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Your travel agent in Sicily!Personal Travel in Sicily
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Read more...The Peoples of Sicily: A Multi­cultural Legacy. Full of Greeks, Arabs, Normans, Germans and Jews, the most signif­icant general history of Sicily ever pub­lished is about much more than an island in the sun. Can the eclectic medieval experience of the world's most conquered island be a lesson for our times? Find out as you meet the peoples! (368 pages on acid-free paper, ebook available) Read more.

Museums in Sicily
Related pages: SightseeingThings to SeeTop 12 PlacesArts & ArtistsToursTravel FaqsTour GuidesTransportationHotels & Travel PlanningSicilian Culture

Constance's crown.    This list includes "dedicated" museums rather than historical sites which happen to feature small museums. In general, the notable museums and art galleries mentioned here are those displaying exceptional permanent collections in major cities rather than towns (Contessa Entellina) or at archeological sites (Solunto and Naxos, Morgantina), but some smaller or remote localities boast remarkable archeological museums, while churches, libraries and state archives often host fascinating exhibits. We have deliberately avoided including those which are usually – and annoyingly – closed, open only during irregular hours, or open to the public only "by appointment" (Palermo's Mormino and Pitré museums).
    A reality check: Don't be misled by the deceptive public promotion of various Sicilian museums which may actually be closed when you arrive! If you have any doubt about hours, telephone ahead – hoping that whoever answers can speak at least passable English. Admissions average €8.00, with occasional discounts for European Union citizens under 18 or over 60. We cannot guarantee schedules, which change frequently (even by season), but most of these museums are open from 9:00 AM until noon or 1:00 PM Tuesdays through Saturday, with occasional afternoon hours (usually from 4 till 7) two or three days each week. A few major museums are open on Sunday.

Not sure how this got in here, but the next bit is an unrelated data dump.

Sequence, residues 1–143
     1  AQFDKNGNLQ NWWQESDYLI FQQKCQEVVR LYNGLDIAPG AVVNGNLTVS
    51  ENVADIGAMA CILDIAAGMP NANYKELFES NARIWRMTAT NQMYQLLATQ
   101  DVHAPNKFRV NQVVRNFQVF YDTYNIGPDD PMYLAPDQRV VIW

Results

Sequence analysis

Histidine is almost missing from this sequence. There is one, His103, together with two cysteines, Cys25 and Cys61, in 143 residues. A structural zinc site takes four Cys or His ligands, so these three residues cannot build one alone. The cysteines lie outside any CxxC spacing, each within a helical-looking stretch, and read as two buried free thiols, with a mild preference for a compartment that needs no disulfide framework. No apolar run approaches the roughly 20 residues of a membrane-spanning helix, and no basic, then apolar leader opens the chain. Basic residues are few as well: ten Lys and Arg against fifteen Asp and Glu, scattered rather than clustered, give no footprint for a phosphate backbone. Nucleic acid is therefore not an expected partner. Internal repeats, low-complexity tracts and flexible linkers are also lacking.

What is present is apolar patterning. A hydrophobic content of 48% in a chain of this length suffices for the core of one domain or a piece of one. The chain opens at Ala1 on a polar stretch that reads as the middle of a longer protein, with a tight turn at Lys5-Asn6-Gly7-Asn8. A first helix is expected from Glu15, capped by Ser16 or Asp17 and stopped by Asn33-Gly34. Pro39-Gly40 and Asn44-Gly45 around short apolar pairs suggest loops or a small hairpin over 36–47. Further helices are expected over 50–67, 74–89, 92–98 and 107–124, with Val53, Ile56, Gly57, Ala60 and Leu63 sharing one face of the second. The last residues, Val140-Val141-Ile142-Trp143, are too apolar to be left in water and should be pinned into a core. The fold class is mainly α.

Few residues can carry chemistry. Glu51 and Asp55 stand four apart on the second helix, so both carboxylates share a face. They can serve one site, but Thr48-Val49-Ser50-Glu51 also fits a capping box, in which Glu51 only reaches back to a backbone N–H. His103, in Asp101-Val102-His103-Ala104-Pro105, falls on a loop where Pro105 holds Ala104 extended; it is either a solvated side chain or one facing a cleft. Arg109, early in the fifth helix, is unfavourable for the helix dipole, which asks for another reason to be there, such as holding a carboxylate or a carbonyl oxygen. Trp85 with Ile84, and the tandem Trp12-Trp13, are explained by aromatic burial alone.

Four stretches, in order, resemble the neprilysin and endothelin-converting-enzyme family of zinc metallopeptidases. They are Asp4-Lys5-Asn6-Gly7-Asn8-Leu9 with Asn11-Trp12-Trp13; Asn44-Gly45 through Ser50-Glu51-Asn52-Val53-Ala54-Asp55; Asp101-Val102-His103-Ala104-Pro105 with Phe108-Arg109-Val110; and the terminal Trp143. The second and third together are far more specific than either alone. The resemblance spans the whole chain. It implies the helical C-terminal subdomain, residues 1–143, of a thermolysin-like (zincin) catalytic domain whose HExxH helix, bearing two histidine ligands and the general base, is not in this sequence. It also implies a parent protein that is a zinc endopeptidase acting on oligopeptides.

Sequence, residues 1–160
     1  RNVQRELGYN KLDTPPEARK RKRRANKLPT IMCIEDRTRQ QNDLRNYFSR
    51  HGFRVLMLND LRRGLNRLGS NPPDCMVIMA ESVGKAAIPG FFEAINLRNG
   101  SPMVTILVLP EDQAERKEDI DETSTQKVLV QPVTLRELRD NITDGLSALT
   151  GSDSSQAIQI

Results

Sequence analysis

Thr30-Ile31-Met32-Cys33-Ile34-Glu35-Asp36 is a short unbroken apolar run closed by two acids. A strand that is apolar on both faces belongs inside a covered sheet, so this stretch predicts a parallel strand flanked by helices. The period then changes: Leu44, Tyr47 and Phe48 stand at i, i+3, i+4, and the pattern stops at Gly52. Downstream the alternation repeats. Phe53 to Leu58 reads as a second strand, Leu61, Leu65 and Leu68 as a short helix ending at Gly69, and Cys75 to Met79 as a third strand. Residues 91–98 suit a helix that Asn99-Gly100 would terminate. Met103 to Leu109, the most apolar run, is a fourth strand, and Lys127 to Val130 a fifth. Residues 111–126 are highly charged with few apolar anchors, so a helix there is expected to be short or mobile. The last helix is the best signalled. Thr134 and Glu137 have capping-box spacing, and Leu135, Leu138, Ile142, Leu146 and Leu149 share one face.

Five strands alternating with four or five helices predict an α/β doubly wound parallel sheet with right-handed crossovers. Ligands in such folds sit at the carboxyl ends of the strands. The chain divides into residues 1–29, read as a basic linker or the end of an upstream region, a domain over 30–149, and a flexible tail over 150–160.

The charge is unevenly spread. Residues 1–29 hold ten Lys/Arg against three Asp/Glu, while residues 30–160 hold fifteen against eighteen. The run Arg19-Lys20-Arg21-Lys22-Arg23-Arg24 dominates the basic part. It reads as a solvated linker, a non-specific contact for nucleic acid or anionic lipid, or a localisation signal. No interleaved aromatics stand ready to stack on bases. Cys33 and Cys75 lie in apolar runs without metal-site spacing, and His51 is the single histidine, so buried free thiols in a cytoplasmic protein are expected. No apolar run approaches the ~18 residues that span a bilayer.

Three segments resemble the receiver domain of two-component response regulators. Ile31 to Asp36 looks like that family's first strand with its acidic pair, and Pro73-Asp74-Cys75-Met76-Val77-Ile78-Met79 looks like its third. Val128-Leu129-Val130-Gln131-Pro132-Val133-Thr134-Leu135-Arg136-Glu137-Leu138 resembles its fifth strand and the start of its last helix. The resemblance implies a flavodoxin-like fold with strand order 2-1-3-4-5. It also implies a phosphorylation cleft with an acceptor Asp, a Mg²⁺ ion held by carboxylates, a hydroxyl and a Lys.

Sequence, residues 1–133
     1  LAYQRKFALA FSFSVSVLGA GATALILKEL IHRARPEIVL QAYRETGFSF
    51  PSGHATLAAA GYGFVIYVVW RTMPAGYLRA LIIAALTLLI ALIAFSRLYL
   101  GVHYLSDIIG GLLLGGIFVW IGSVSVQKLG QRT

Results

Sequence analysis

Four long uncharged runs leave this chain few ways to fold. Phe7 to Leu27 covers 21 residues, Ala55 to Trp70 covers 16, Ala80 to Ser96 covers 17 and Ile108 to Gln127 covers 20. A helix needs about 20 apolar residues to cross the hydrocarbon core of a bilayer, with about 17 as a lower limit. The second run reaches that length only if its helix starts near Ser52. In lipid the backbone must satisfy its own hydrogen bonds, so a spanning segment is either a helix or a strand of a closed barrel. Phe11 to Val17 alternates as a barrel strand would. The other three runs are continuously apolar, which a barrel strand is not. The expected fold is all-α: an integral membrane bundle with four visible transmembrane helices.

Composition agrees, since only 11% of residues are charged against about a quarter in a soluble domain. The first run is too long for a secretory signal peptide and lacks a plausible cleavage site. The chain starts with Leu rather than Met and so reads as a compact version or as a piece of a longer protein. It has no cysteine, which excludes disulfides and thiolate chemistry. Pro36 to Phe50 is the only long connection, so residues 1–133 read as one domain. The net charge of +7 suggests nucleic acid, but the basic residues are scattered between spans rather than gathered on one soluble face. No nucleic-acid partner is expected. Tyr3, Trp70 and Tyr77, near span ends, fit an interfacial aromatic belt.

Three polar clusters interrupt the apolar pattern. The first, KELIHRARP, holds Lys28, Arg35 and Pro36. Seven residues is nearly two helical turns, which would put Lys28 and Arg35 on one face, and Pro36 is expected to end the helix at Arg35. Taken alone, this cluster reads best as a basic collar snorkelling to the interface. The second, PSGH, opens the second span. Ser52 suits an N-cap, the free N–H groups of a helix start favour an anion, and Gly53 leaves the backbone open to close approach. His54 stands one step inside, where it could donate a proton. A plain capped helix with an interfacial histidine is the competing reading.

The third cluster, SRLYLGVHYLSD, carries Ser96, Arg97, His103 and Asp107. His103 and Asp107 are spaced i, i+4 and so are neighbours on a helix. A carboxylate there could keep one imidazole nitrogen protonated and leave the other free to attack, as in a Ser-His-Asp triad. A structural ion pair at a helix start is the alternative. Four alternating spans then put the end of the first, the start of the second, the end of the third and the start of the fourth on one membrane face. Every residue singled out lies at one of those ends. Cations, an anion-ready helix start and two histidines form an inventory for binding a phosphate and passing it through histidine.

Literary Parks: There really aren't many "literary parks" in Sicily so much as literary itineraries but Pirandello's home outside Agrigento is an exception. (Shown: Crown of Queen Constance in Palermo Cathedral Museum.)

• Agrigento. The Provincial Archeological Museum (Contrada San Nicola 12, in Via dei Templi, Agrigento) collection focuses on Greek items recovered from the Valley of the Temples (museum admission usually includes admission to the nearby archeological site). It is actually built upon the Greek ekklesiasterion and the medieval church of Saint Nicholas.

• Catania. The Art Gallery of Catania (Castello Ursino, Piazza Federico di Svevia, Catania) is located in the large seaside castle built under Frederick II (early 13th century) now located inland due to lava flows having extended the coastline. The art collection consists primarily of works ranging from the Renaissance through the nineteenth century, and the fortress itself is interesting as well.